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Shayna McHale, AKA Junglepussy, does whatever the fuck she wants – and she manages to do it on her own terms. We meet in Williamsburg and sit at a table in her friend’s studio with incense burning between us. Mid-conversation the health-conscious 23-year-old opens a bag of sliced pineapple. “I don’t know how to scheme,” she says before taking a bite. “A lot of people know how to strategise, plan shit out and plot on people. I’m so bad at that because everything I do is so organic.”

Junglepussy doesn’t have a manager, and doesn’t plan on getting one any time soon – not that it seems to matter. She makes her money from touring and doing live performances around the city, where her name alone creates controversy. Right now she’s working on a follow up to her explosive full-length debut, Satisfaction Guaranteed, and taking things one step a time. “I don’t how I’m gonna cross over, but I know that it’s gonna be bigger than it is now,” she promises me through the wafting incense smoke.
Who is Junglepussy?

Junglepussy is an all-natural girl from Brooklyn. The name seems a little strange, but if you really were to sit and take three minutes to think about it, you’ll realise that the name is so innocent.

Why is it so innocent?

New York City is known as the concrete jungle. So when people ask me about my name. I say I’m from New York, and I’m a girl, so I have a pussy. And I’m in the concrete jungle, but it’s still a jungle for me because I’m still too tropical for America.

Where would you go if not New York?

Hmm‚ I like it here. But, oh my gosh, even on the walk over here there’s so many new beautiful spots and housing. I see New York is never gonna be what it once was. I’m sad about it, but I’m not gonna be bitter and stuck in the past. I’m gonna keep moving forward. Fuck it. Everybody is moving us out of our neighbourhoods. I have family in Trinidad and Jamaica, so I could always go there. But I would really like to go to Montreal. That’s where I really want to have a house and a cabin in the woods. I love it over there. I feel like I could really get the peace I need up there.

You’re born and raised in Brooklyn?

Yes, East New York. Still off the L train, but just past Broadway Junction. All my family, friends, cousins, aunts, [and] my father still live there. Everybody is there. Grandparents from Jamaica, they’re still [in East New York].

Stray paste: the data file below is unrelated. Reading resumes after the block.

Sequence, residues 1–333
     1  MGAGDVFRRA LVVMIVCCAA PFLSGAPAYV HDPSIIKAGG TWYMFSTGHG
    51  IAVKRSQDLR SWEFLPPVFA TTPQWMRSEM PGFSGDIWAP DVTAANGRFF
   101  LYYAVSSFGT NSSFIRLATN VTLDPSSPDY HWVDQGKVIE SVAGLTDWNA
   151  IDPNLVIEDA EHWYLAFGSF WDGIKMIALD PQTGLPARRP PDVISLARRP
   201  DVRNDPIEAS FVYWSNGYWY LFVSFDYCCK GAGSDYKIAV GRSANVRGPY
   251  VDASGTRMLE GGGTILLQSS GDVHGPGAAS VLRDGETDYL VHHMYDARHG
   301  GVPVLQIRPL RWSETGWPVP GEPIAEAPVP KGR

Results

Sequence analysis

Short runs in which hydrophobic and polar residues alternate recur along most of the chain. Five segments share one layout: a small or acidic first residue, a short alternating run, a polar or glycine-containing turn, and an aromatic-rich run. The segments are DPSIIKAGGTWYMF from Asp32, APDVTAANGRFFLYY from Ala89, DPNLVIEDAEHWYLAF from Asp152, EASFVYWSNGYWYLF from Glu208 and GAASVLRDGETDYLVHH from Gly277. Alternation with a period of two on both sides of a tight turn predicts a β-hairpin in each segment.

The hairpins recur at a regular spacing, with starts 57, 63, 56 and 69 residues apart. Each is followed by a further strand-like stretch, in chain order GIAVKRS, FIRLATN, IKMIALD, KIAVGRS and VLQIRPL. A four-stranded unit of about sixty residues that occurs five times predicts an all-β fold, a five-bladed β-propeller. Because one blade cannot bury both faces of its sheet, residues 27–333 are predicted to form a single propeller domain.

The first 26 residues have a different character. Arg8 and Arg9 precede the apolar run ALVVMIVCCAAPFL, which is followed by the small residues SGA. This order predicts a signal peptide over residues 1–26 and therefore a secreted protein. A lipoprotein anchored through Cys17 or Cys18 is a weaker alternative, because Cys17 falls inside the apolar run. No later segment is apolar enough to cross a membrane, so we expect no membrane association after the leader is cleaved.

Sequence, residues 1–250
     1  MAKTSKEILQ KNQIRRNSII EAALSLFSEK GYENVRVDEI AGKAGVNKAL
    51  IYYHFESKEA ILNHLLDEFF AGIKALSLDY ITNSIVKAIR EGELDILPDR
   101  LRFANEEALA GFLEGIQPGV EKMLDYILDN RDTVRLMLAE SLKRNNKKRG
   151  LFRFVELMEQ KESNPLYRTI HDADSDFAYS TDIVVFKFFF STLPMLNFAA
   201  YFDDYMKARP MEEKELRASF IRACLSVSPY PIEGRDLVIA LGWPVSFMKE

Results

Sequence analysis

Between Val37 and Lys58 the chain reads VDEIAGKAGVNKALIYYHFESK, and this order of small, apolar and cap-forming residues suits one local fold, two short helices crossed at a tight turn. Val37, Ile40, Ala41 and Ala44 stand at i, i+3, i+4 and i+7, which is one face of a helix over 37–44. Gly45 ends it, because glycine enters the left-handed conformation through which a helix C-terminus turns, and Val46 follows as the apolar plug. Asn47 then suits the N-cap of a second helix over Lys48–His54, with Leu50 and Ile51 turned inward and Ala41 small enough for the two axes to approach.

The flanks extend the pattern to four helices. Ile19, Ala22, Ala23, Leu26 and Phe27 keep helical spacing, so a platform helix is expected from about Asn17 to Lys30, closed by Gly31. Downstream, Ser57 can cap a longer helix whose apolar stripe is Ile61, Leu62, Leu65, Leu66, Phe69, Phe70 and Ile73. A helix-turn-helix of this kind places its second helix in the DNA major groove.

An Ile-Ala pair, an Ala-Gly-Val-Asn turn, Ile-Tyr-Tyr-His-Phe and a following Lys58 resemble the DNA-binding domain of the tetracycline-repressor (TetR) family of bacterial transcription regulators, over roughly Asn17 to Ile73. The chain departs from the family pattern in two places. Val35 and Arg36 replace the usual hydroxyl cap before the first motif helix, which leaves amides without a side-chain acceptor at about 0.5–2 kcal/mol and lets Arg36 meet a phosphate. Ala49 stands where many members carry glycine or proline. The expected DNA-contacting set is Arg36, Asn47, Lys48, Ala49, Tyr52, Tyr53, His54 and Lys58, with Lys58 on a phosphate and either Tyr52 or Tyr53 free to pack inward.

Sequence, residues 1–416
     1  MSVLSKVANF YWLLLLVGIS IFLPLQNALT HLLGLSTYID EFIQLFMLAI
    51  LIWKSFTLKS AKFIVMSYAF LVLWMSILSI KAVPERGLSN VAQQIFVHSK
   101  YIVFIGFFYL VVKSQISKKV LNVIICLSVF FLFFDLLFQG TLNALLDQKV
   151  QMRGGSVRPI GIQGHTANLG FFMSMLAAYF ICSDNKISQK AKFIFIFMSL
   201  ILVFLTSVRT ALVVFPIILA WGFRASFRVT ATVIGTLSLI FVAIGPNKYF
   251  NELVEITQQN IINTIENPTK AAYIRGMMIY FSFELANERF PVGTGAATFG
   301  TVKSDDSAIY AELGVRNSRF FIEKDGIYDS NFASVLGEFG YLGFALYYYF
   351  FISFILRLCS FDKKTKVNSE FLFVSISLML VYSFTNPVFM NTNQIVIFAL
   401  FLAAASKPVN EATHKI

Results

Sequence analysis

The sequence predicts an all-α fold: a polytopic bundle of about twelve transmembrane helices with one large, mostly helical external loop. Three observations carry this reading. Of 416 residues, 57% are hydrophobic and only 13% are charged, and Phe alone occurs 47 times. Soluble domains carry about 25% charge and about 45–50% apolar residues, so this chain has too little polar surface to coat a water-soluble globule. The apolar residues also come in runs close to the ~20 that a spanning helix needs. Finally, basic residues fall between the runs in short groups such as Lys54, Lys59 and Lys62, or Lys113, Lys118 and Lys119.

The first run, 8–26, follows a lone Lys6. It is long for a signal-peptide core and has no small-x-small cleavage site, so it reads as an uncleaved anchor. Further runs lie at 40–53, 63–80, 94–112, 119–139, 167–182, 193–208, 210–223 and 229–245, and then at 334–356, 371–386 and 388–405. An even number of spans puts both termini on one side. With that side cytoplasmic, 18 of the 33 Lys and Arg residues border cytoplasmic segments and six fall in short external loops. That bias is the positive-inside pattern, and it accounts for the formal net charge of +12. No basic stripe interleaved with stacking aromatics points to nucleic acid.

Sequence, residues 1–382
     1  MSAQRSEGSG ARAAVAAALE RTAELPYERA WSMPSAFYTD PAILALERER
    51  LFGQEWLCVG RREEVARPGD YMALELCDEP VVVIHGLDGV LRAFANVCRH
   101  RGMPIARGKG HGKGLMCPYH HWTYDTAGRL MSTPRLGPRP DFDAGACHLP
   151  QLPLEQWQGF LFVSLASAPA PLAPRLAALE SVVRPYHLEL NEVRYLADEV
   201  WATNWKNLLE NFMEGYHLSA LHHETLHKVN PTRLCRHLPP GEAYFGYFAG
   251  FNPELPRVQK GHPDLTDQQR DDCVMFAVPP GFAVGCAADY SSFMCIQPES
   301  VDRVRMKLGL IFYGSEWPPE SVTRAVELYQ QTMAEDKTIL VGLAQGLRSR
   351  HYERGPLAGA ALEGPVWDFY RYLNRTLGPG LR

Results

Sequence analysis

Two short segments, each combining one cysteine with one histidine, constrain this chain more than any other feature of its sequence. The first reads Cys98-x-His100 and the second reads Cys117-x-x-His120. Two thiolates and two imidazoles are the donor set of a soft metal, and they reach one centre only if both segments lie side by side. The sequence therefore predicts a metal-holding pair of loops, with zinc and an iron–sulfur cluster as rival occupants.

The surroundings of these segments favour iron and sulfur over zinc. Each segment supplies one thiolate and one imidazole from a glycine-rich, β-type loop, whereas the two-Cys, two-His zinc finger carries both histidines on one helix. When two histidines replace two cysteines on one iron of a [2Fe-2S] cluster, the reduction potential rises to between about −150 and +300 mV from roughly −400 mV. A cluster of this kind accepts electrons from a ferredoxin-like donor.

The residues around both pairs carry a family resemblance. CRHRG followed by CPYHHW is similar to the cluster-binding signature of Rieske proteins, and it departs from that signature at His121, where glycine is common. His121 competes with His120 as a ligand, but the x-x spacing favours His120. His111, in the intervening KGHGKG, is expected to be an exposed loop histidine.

I read somewhere you never told your dad you’re a rapper.

Oh yeah. I didn’t.

You still haven’t?

No. He doesn’t know, but his cousins, nieces, and nephews on his side all follow me on Instagram. And they all see what’s happening. So, I feel like they definitely know. I feel like he knows, but he doesn’t want to say anything until I say something. I know they’re all like, “You see what Shayna is doing? You see your daughter?” But on the other hand, my mother knows everything. Like the other day, I had this show and I wanted to wear this dress so bad, and I thought I looked so cute like, “I’m about to perform. I’m about to be free in this nice flowy dress.” She was like, “Ew. Are you going to a picnic? You better go put on a Junglepussy outfit.” She’s really good with that, I’m blessed to have a mother who’s supportive and gets it. It’s not like my mom is this wild woman or wild cougar. She is a business woman. She worked in corporate America all my life. So she’s very prim and proper and conservative. She only uses natural-coloured nail polish and natural-coloured lipstick. So for her to like me still after being myself is so cool.

You’re really – I don’t want to say ‘religious’, but spiritual? Conscious? Aware? Is that from your parents?

I grew up in church. My mother was actually an elder in church, so we always used to have to go to church. As we got older, our faith grew more outside the church on our own. Growing up, I definitely prayed over all my meals, prayed before we left the house. My mother’s house, the kitchen is filled with quotes framed. Even in the bathroom, you’ll find books about living good and eating right. I guess I was brainwashed without realising it. I just saw there were better ways of life, and we don’t have to suffer as long as I keep reading these things and educating myself. Then I could be happy. I was okay with embracing your spirituality without being so hellbent on the commandments. Just being in tune with yourself and in tune with the people you surround yourself with.

Do you consider yourself a feminist?

I do consider myself a feminist because I’m all for women advancing and letting the world know we’re the ones that you need. So, I’ll definitely take that title.

I ask because your lyrics tell women to respect themselves.

Yes, because before I started making my own music, I was sad. I was looking for music. I graduated high school at 16 years old, so I went straight to college. I was still feeling a little confused. I didn’t know what was going on in the world, and how to be a young black woman in New York. I would go to music. I remember growing up, music would have these messages, things that could make me feel better about myself or just open my mind and make me think. I was sad, I was like, “Where’s the bitches telling me how to live right? Where’s the women telling me how to keep my man?” There was no one out there telling me that. So [I was] like, “Okay, Shayna. Suck it up and learn on your own.” I started learning more about myself, and I just felt like it’s best to share that message.

Are people starting to recognise you out?

Yeah, It’s weird. Even out on Bedford [Street, in Brooklyn] it happens a lot, too. Because people be lingering. I mean, it’s not really a bad thing, but sometimes people get awkward, and it makes me feel awkward. Whenever I see people like my stuff, I’m amazed by them. Because for you to like my stuff, that’s just everything. I would not be anybody if nobody was listening or interested.